Daimler to standardise brand electronics


Mercedes-Benz, Freightliner and Fuso trucks to all feature the same electronic module

Daimler to standardise brand electronics
Daimler is standardising electronics across brands.

 

German automotive giant Daimler has announced a new strategy to streamline its truck division through the standardisation of electrics and electronic architecture.

The company says the move will allow it to integrate electronic modules and innovations across the Mercedes-Benz, Freightliner, and Fuso brands more efficienctly and more cost effectively.

Daimler Trucks chief Dr Wolfgang Bernhard says the company has already standardised the powertrains fitted into the company’s brands, and synchronising the electronic components is Daimler "implementing defined measures step by step".

"At Daimler Trucks, our strategy is working out," he says. "And we are systematically developing it further.

"We are already profiting like no other manufacturer from the technological and financial potential of our multi-brand engine and transmission platforms.

"We are now tackling the next components: chassis and electrics/electronics."

According to the company, the electronics strategy will see it introduce "completely newly developed, standardised connectivity hardware for all of its trucks."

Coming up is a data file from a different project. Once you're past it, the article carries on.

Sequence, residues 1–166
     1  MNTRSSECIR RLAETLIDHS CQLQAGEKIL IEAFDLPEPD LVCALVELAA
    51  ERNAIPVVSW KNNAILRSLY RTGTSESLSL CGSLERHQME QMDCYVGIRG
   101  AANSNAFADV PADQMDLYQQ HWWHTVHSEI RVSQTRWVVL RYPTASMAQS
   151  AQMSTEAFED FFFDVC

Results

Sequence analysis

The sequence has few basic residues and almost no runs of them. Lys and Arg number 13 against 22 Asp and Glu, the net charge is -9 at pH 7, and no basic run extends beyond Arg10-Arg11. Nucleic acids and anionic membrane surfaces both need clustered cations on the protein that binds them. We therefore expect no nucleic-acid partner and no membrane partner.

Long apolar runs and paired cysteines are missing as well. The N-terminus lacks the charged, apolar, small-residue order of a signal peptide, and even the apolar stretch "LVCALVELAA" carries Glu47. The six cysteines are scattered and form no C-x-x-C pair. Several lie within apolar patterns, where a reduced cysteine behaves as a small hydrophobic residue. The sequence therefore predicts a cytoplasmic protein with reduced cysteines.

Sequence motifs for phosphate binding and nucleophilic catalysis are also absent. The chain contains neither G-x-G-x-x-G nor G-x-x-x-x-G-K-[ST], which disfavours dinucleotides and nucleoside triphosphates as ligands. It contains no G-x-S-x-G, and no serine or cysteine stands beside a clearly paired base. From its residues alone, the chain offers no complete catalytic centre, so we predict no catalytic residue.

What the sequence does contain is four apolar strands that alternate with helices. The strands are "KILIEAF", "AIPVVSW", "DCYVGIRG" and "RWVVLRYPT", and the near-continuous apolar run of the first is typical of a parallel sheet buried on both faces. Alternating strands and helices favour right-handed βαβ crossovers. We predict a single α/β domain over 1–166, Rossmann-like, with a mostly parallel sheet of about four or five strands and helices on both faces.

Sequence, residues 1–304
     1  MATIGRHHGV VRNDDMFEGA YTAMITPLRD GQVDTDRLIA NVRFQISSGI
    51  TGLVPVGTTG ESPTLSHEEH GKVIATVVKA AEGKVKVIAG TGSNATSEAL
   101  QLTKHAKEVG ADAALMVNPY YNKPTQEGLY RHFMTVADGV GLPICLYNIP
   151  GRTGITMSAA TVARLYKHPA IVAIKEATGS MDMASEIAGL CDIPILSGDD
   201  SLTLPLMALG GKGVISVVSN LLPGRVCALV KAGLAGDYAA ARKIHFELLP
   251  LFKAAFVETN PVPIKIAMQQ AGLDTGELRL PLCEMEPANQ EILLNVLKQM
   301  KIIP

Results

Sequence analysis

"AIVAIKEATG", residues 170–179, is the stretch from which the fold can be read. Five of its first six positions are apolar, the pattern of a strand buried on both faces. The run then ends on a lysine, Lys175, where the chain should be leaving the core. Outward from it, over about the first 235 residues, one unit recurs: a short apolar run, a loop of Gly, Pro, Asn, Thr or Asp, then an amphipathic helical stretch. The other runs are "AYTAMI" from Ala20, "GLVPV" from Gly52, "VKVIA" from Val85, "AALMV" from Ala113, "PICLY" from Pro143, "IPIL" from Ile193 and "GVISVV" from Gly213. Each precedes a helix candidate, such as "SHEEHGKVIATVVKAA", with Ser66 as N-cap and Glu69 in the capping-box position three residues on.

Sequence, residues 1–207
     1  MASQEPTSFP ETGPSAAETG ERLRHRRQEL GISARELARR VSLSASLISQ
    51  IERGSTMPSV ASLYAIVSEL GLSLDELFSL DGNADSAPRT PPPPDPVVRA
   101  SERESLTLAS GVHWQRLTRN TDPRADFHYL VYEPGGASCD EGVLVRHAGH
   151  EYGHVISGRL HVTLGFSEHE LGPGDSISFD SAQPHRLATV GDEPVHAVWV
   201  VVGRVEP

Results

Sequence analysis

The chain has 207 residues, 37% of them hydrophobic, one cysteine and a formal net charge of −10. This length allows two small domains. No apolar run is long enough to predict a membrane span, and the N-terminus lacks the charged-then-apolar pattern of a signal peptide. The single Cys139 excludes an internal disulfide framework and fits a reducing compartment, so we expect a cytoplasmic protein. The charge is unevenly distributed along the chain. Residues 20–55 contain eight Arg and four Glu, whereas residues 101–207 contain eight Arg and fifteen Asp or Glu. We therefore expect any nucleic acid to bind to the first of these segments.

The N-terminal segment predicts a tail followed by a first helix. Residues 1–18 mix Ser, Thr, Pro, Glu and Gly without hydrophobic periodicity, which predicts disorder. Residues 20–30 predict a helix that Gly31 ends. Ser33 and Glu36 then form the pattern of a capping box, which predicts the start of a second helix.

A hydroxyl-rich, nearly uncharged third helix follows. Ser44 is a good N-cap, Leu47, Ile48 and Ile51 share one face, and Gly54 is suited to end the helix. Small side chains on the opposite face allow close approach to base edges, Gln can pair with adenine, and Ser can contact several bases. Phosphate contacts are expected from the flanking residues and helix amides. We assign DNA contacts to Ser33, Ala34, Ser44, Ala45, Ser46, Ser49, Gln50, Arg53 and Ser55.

The new development will include the installation of a module, about the size of a A5 sheet of paper, into all vehicles.

The module will act as "the heart of the connected truck", providing real-time data for external communications, while also reading and evaluating data from all of the truck’s sensors, cameras, radars, and more.

Daimler says the device can communicate via Bluetooth, Wi-Fi, 4G, GPS, and USB, to infrastructure, other vehicles or other parts of the logistics chain.

The module will also offer access to the telematics systems of FleetBoard and Detroit Connect.

In terms of the look of brands, Daimler says the cabs will remain unique.

"While the instrument cluster with speedometer, rev counter, fuel gauge etc. retains the brand-typical appearance of a heavy-duty Mercedes-Benz, Freightliner or Fuso truck, its inner workings and rear housing will have standardised dimensions and connections," the company says.

With the brand already looking towards integrating all of its new trucks into the Cloud by 2017, Bernhard says the benefits of connected vehicles, produced in sync, will be felt by both Daimler and its customers.

"Customers in the market will profit from this standardisation due to the quick availability and first-class quality of the relevant truck technologies," he says.

"For Daimler Trucks, it will result in significant synergy advantages and free resources, which in turn can be used for new technology projects."

 

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